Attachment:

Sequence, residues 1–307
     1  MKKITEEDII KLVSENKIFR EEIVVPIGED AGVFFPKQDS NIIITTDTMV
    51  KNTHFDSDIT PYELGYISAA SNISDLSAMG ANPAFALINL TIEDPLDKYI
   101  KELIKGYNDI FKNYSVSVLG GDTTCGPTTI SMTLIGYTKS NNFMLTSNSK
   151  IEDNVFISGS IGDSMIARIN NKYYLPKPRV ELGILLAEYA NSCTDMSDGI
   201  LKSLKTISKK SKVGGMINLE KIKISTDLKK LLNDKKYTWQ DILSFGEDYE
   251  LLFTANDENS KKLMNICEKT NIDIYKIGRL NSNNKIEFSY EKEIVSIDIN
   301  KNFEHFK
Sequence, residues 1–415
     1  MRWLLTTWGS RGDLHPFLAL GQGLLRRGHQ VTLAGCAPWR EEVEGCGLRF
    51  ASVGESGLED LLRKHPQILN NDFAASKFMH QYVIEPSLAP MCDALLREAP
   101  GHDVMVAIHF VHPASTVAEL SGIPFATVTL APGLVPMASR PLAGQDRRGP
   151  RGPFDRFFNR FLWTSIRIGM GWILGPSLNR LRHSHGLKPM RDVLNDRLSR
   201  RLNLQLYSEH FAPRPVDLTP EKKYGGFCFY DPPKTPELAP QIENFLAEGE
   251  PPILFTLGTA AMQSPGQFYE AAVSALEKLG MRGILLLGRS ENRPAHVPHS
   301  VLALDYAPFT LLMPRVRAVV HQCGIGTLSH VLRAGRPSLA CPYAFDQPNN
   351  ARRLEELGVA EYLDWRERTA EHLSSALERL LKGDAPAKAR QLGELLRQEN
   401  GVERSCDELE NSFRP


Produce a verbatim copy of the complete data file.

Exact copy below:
Sequence, residues 1–307
     1  MKKITEEDII KLVSENKIFR EEIVVPIGED AGVFFPKQDS NIIITTDTMV
    51  KNTHFDSDIT PYELGYISAA SNISDLSAMG ANPAFALINL TIEDPLDKYI
   101  KELIKGYNDI FKNYSVSVLG GDTTCGPTTI SMTLIGYTKS NNFMLTSNSK
   151  IEDNVFISGS IGDSMIARIN NKYYLPKPRV ELGILLAEYA NSCTDMSDGI
   201  LKSLKTISKK SKVGGMINLE KIKISTDLKK LLNDKKYTWQ DILSFGEDYE
   251  LLFTANDENS KKLMNICEKT NIDIYKIGRL NSNNKIEFSY EKEIVSIDIN
   301  KNFEHFK
Sequence, residues 1–415
     1  MRWLLTTWGS RGDLHPFLAL GQGLLRRGHQ VTLAGCAPWR EEVEGCGLRF
    51  ASVGESGLED LLRKHPQILN NDFAASKFMH QYVIEPSLAP MCDALLREAP
   101  GHDVMVAIHF VHPASTVAEL SGIPFATVTL APGLVPMASR PLAGQDRRGP
   151  RGPFDRFFNR FLWTSIRIGM GWILGPSLNR LRHSHGLKPM RDVLNDRLSR
   201  RLNLQLYSEH FAPRPVDLTP EKKYGGFCFY DPPKTPELAP QIENFLAEGE
   251  PPILFTLGTA AMQSPGQFYE AAVSALEKLG MRGILLLGRS ENRPAHVPHS
   301  VLALDYAPFT LLMPRVRAVV HQCGIGTLSH VLRAGRPSLA CPYAFDQPNN
   351  ARRLEELGVA EYLDWRERTA EHLSSALERL LKGDAPAKAR QLGELLRQEN
   401  GVERSCDELE NSFRP